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Instead of putting out today's fires, create tomorrow's fireproof doors

jcsmileyjr profile image JC Smiley ・4 min read

I asked my local tech community what does the quote “Instead of putting out today's fires, create tomorrow's fireproof doors” mean in regard to an aspiring developer learning new tech skills, a developer at a company, leader, or job interviewer? The following is a curated list of their answers:

Corey McCarty
Putting out today's fires only helps you return to status quo. Building a fireproof door is improving the status quo. Break-fix and putting out fires don't provide any value-add, they just halt value-loss. If you find yourself putting out too many fires then there is something underlying that needs to be improved so that you can stop doing so much fire fighting.

I'll add that you don't build a fire-proof door until you learn about door fires. You have to learn what catches fire and how it catches fire before you can make a properly fireproof door. You don't know what needs improvement if you don't see how it breaks.

Joe Ferguson
This is a realization few teams and seemingly fewer leaders are able to see. I fight this every day in my day job and I'd consider my day job to be pretty awesome, even awesome people can fall into a pattern of firefighting. Breaking this pattern requires changing how multiple people interact with each other. It's hard. We did it at my day job because we have some awesome people that can have real, non business-speak conversations and learn about how to work better together. Can you have those conversations with your coworkers? If no, why not?

Brett Rehberg
Maybe you don't want a fireproof door because it would be better to burn the thing down and build it again with the benefit of learning/hindsight

Dennis Kennetz
I think this is tough for a new developer. In my experience, fires have happened and I have learned from them. Then, next time I write code I have these fires that have been burned into my mind and my future code improves to handle previous fires. As an aspiring developer, it is good to try to put in some “fire catching” code, but inevitably you will run into a person, a situation, or a system that breaks some part of your code. From that, you learn from it and improve all future code to consider these things.

Lawrence Lockhart
Noticing no mention of tech stacks, choice in cloud provider, nothing technical here. Not that they're not important but it seems the human elements are the ones that make the real difference.

Ryan McGovern
Aspiring developers? This is hard, because you need a foundation before jumping into newer stuff (e.g. Vanilla JS before frameworks). I think once you have that, focusing on something that's ahead is a good thing. I would say that anyone at a company responsible for decisions regarding new features, technologies, etc. should be trying to find ways to build/include them in ways that help prevent future issues, sort of like preventative/proactive medicine vs reactive. I honestly don't know for Job Interviewers, other than have the postings written by the actual team that someone will be joining, not a clueless PR person.

JC Smiley
Anyone can create fireproof doors by being prepared for the future today. A learner should add new skills and projects to your resume and portfolio as you learn/build them. This way you are not struggling to update something at the last minute. For the developer, add to your resume as you accomplish incredible things. When it's time to look for a new job or ask for a promotion, you are ready. A job interviewer can be fireproof tomorrow by properly documenting your journey. This helps you determine what tactics worked in the past so you can be used in the future.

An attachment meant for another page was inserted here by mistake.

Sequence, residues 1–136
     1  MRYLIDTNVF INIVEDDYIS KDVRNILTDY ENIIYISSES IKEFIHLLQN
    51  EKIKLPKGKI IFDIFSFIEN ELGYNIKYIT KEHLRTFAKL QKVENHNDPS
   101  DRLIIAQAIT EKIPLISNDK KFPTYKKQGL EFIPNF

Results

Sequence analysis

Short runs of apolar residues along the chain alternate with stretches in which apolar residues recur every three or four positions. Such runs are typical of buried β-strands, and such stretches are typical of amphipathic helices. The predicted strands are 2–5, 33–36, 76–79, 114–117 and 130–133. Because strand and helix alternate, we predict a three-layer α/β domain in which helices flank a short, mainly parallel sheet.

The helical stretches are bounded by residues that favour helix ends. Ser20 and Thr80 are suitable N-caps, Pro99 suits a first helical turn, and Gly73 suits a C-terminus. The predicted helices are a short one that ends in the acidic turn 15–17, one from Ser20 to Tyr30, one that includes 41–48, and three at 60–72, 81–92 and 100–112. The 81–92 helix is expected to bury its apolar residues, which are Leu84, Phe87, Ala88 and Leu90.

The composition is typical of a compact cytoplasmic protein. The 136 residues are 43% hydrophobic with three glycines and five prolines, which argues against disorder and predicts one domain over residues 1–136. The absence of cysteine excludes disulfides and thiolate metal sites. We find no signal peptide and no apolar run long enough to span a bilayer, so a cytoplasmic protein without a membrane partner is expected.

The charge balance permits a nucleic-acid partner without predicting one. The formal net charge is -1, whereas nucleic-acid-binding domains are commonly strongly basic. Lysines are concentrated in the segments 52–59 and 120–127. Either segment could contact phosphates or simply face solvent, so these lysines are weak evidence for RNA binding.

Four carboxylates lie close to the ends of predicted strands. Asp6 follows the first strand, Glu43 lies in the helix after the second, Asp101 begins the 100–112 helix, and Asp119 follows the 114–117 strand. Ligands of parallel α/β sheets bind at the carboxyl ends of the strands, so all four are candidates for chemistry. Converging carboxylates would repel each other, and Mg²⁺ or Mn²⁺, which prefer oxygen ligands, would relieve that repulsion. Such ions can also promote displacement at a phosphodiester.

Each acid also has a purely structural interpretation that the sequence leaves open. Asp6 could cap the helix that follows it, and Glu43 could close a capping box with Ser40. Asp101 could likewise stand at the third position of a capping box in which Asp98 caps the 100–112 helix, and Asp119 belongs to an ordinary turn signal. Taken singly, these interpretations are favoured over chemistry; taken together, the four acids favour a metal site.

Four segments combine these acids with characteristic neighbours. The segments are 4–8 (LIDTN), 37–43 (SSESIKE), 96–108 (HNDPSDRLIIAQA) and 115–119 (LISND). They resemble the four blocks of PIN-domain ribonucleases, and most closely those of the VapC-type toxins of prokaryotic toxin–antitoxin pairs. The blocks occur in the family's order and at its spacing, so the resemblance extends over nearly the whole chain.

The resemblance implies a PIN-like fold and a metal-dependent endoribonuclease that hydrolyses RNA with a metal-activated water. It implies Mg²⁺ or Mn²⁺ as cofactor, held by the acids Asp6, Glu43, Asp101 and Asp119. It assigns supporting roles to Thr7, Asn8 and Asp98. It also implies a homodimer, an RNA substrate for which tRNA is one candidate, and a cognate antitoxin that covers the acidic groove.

Michael Harris
One strategy that I think works well is that whenever a user reports an issue instead of just fixing the issue for that user try to prevent it from happening again. So in that scenario you would be putting out today's fires and then creating fireproof doors.

Ben Young
Take coding day by day, live through your mistakes. Don't take a broken line of code so personally, live and learn.

Eric Burden
Testing

Summary

  1. Building a fireproof door is improving the status quo. It's important to learn how the fire happened. If there is a lot of fires then there is an underlying problem that need fixing.
  2. Breaking the pattern that start fire requires changing how multiple people interact with each other. It is the human element, not technical like tech stacks, that will make a real difference.
  3. It may be better to let the door burn down and build it again with the benefit of hindsight.
  4. The benefit of previous fires is it teaches developers how to write better code.
  5. Learners can fireproof their doors by constantly updating resumes and portfolios as they learn new skills. Developers can do the same by updating resumes after a work place accomplishment.
  6. Leaders should make decisions that include ways to prevent future issues.
  7. For aspiring developers, learning how to test and coding daily is the best way to learn how to create fireproof doors.

Please help others learn by leaving a comment on the quote "Instead of putting out today's fires, create tomorrow's fireproof doors" Thank You!!!

Code Connector is a non-profit that's organized tech meetups to help people start their journey into tech. You can join our daily conversations by clicking this link: Code Connector slack channel.

Cover Picture is by Stephen Radford from Unsplash.

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JC Smiley

@jcsmileyjr

Front End Developer with a focus on React (web) and React Native (mobile), Code Connector national team Online Content Manager and a leader for the Memphis chapter, Gardner, and Outdoor Enthusiast

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